Thursday, March 15, 2012

Attention, delegate math mavens: it ain't over when it's over

About this time in 2008, shortly after Hillary Clinton won the Texas and Ohio primaries on a night when Obama netted more delegates (March 4) than she did, political insiders were insisting with increasing certainty that Obama had a lock on the nomination. His narrow delegate lead was insurmountable, notwithstanding that Hillary Clinton was a "lead pipe certainty" to win the Pennsylvania primary on April 22, as Al Giordano wrote in early March.  And so it turned out.

Now, cognizati  are rolling their eyes at breathless horse-race coverage of the Republican primary contest.  Ross Douthat scopes out remaining contests, ventures predictions for each, and concludes, "the consequences are eminently predictable: Either Romney will clear the 1,144 delegate threshold in May or early June, or else he’ll fall 50-100 delegates short and need to play a little inside baseball to win some of the uncommitted delegates." For details, he kicks the ball to Michael Brendan Dougherty, who does the math:
Mitt Romney has won almost 1.2 million more votes than Rick Santorum overall. How much did Rick Santorum gain on him last night?

39,119 votes. So in Rick Santorum's "big wins" he erased approximately 1.35 percent of Romney's lead in votes. That's it....Get used to it: Romney is winning.
Quite so. But a few caveats.
First, Obama's presumed lock on the nomination after his string of eleven caucus and primary wins in February was based on the premise that the unelected superdelegates, a majority of whom were still pledged to Hillary at this point, would not vote against the candidate with a majority of voted-chosen delegates -- at least, not when that "winner" was black.  And so it proved. But it might have proved otherwise if Obama had not effectively tamped down the Jeremiah Wright firestorm with his historic March 18 speech on race relations in America.  When the delegate count is close, the unpredictable can upend it.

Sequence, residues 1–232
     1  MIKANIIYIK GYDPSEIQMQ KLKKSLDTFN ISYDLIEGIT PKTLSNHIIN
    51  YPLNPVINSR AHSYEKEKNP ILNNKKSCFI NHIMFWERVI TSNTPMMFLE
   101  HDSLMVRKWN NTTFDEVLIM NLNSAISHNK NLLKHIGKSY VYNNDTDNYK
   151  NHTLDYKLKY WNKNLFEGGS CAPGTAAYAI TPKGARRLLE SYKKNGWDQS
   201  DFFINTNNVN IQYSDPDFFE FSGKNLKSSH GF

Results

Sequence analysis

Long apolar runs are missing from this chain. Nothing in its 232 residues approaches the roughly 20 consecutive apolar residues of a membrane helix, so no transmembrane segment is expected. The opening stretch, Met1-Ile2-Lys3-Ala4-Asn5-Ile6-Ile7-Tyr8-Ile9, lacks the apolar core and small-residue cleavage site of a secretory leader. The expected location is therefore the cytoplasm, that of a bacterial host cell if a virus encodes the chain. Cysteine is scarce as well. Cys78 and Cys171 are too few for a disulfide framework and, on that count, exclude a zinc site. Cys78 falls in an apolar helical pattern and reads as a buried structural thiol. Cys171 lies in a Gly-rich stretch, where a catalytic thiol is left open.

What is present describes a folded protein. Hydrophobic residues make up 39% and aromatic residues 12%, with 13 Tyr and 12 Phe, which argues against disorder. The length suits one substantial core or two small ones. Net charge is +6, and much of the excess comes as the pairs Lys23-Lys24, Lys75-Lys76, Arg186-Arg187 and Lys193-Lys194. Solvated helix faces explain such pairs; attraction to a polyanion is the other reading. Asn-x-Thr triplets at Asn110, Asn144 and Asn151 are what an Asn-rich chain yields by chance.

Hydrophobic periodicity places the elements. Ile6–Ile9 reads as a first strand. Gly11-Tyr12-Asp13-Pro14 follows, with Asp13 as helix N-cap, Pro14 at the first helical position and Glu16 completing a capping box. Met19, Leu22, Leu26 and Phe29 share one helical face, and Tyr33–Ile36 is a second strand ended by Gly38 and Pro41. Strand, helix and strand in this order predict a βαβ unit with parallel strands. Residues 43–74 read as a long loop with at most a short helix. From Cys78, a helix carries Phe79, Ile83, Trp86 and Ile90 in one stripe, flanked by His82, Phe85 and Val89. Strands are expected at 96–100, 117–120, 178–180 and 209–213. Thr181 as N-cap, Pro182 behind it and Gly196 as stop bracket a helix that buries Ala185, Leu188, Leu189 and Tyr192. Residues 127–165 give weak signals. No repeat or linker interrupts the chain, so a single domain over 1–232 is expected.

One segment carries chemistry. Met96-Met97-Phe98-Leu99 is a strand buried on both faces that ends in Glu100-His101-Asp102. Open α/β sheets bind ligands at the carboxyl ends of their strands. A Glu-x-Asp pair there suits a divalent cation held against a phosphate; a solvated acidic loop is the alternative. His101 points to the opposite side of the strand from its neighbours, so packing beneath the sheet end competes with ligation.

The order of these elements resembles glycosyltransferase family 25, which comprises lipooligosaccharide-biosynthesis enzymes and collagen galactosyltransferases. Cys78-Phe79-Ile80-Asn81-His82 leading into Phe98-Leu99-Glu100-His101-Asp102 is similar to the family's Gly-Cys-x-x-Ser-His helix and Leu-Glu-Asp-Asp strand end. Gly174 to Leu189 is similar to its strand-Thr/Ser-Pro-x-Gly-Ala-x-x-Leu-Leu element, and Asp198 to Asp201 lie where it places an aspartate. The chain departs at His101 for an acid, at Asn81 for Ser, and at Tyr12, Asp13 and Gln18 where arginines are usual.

As for Romney's steady progres: Dougherty points out that he has 39% of votes cast so far (including caucus votes) to Santorum's 25%. But Santorum has split the conservative vote with Gingrich. If Gingrich drops out in the next week, Santorum may close that popular vote gap going forward. 

The delegate math still says Romney, overwhelmingly. But that doesn't mean that the contest doesn't matter. My personal interest is to see Romney pushed to the right, bloodied by intemperate attacks, and exposed as the pseudo-conservative fraud he is for as long as possible.  If Alabama and Mississippi can reasonably be taken to indicate that there will be hard-fought primaries from now through June, that's huge news.


  1. Romney is so phony! Wish Gingrich would just drop out already. Great post!


  2. not to mention: that's why they play the games! Romney's almost certainly not going to start scuffling and batting .250 for the next two months, but... he could quite easily turn an ankle, blow out a knee, or even get beaned in the head if Santorum keeps improving. If you have the money, you keep going, because at any time on the trail your opponent could seriously bite it.